“I can’t fix all the problems, but I can recognize all the people that go into the process of the thing I’m consuming,” Nicole told me about how she looks at her consumption, “it’s that little shift in how you see people.”
On a larger level, Nicole says that is all comes down to one philosophy she learned from her family: “Just be a nice person,” she told me, “it’s a lifestyle choice.”
About Nicole Higgins
Nicole Higgins currently serves as the Rally Director for Downtown CREDO, a nonprofit in Orlando, Florida that is dedicated to improving the quality of lives by building networks of people living with meaning, impact, and community. She began her time at CREDO in 2012, serving as the Coffee Director for the nonprofit’s name-your-price coffee shop. She currently manages the organization’s formal community partnerships and its social enterprise accelerator, Rally Makers, LLC.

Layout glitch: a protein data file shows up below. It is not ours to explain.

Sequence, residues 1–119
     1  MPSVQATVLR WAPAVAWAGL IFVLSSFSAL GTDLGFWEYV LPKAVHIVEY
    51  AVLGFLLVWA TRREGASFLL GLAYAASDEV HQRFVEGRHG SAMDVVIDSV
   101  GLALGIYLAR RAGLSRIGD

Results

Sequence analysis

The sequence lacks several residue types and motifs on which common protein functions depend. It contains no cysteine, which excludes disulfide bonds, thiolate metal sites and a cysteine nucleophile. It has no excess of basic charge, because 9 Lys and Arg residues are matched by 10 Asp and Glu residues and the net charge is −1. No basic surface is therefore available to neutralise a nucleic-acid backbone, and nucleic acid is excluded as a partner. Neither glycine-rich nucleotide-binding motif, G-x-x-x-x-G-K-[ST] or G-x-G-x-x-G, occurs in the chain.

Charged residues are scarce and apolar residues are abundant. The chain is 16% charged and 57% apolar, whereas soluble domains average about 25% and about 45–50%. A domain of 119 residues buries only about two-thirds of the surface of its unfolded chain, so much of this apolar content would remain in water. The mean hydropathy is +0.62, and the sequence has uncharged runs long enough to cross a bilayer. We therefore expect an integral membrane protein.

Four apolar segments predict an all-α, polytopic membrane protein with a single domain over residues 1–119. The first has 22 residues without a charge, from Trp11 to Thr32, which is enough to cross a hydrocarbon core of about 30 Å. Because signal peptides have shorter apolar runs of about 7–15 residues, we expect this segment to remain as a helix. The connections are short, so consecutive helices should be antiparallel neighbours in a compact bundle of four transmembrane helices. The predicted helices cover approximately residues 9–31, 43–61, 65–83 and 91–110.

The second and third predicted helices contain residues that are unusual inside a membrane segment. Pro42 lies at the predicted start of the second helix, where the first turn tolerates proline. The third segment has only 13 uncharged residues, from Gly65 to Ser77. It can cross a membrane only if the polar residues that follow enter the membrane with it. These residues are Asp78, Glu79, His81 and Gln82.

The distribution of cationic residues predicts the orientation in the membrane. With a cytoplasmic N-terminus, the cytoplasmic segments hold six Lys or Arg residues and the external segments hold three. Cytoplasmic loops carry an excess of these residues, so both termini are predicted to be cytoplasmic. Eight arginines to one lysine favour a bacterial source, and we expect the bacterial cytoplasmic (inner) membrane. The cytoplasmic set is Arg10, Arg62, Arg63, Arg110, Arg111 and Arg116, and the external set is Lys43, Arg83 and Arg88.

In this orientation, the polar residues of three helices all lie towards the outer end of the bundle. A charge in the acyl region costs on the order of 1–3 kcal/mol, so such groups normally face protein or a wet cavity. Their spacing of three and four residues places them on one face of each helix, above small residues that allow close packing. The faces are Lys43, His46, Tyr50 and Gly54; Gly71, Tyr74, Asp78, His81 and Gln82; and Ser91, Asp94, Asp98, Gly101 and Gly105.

Her work at CREDO brought her back to her hometown Orlando after some time working in several nonprofits in both Washington, DC and Los Angeles, California. Her professional experience in these places included work with community organizing, nonprofit administration, and outreach; and in all of them she has found the secret ingredient to sustaining community transformation: sharing meals together.
Links from the Show: